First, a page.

I was used to preening androgynous long-haired, velvet-clad rockers, and was decidedly out of my element as studly Waylon ambled onstage with his hand-tooled guitar, black leather wristbands around both wrists, his hair swooped into a greasy pompadour.

January 28, 1970 – 4:30 AM.

Well, Waylon Jennings will supposedly be here in about an hour. They had a couple more songs to finish – so good! Such an amazing talent. Jimmy Page also called today. He’s wiring me money to get him those Crowley books. Gosh, I sure hope I know what I’m doing. I wonder if Waylon will really show up?

At 6:30 AM, I opened my lavender door to find Waylon standing in the dawn light, squinting at me curiously, cigarette dangling from the corner of his mouth, black leather wristbands and all. It didn’t take him but a few seconds to have me mashed against the wall, his mouth all over mine, handily pulling my skimpy clothes off, walking me backwards toward the bed, where we thrashed around for hours – a tough cowboy and a tender flower child, uniting in the best possible way, proving that passion speaks the same language. “You sure know how to please a man, baby,” he marveled, shaking his head, “little hippie girl wore me out. I tell you what.”

Before he left that evening, he wandered around my apartment, looking at all the pictures on my walls of long-haired musicians, a quizzical look crossing his face, “You really like all this long ha’r and everthang?” I assured Waylon that, yes, girls loved running our hands through long hair, and besides, it was sexy! He picked me up off the floor, kissed my forehead, tipped his cowboy hat and was gone. Whew.

You know what happened not too long afterwards, right? Waylon grew out his hair. His friend Willie grew out his hair, and the outlaw movement began. All started by a little hippie girl in Hollywood. Haha!

I continued to see Waylon whenever he came to town, which was often, and in between tangling the sheets, we talked about our lives, two worlds colliding in the sweetest way. He never mentioned that he’d married the lovely Jessi Colter, and I had no idea, since I never saw a wedding band. That’s how we knew a fellow was married back in the dark ages, dolls. So don’t blame me. Years later, when I met his son Shooter, he told me that he considered me his “long lost weird aunt,” and that Waylon spoke of me frequently. Hopefully not in front of Jessi. But I was touched.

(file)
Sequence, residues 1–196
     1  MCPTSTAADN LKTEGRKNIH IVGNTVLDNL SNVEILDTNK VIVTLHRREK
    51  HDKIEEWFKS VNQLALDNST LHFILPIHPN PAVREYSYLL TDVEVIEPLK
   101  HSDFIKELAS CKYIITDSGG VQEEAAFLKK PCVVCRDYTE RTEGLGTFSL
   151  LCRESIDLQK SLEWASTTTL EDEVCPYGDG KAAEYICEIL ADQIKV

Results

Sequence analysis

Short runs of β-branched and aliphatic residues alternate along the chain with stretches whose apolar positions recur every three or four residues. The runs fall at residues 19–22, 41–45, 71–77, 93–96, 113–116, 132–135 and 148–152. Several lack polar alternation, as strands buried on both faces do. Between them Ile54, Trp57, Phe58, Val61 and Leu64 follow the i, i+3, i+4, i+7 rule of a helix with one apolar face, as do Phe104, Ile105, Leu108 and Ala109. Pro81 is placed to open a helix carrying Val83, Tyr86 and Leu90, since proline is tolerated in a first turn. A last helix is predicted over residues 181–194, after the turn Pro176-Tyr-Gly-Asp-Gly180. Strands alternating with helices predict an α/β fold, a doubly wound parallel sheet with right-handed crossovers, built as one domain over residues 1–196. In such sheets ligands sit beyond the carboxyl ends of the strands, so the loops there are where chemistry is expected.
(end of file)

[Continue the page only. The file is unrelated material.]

In London in early 1971, I wriggled out of a tight spot, and an engagement when my mentor Frank Zappa asked me to be in his groundbreaking film 200 Motels, to be shot at Pinewood Studios. I had been staying with Sandy Sanderson, bassist in the Pink Fairies, but had fallen in love with young Tony Sales back in Beverly Hills, so was awash with relief when I could move to a hotel in the wilds of Windsor. (I was also mortified that I was breaking Sandy’s heart. Torn yet again)

Along with Ringo Starr and my friends in the Mothers of Invention, Keith Moon was also in the movie, playing a roving nun (yes, a roving nun), and he picked me up and carried me off the set after my big scene.

January 26, 1971

Keith said he thought I’d get a lot of acting roles after he saw my scene today, because my facial expressions were ‘incredible.’ Speaking of Mr. Moon, he quite came on to me, asking me to come to his room. I demurred.

We struck up a friendship, which turned into something else altogether when he came to Los Angeles later in the year with The Who. I was living at the Zappas’ house as Moon and Dweezil’s nanny and Keith called me there about a party that night. It gets a bit complicated here, because I had just started seeing Don Johnson, but that’s another story for another column. Keith wound up in my little guest house by the pool, and I soon discovered his penchant for “dressing up,” as he dug through my closet, trying on anything that would fit him. He even squeezed into my leopard print heels and kittycat panties, and I put on his tight flares and T-Rex T-shirt, and we suddenly became each other. He certainly enjoyed role-playing, a new one on me, but I jumped right in as he became a priest seducing a schoolgirl, a director pouncing on his starlet.

November 17, 1971

He’s so out there. We did some great sexual improvisations. A rich older lady trying to get the gorgeous young steward, a hooker accosting a virginal kid from Connecticut, and 2 teenagers making it for the first time. They went on for hours. He complimented me like crazy, even said he loved me a couple of times. He talked about his head – the universe and his place in it. Funny things really get him off. Very revealing. Actually he’s not a very happy individual. Tears of a clown.

When Moonie called on my intercom way too early the next morning to come fix “breaktess,” for her and Dweezil, Keith soon joined us, entertaining the brood with his nonstop madcap eye-popping hilarity.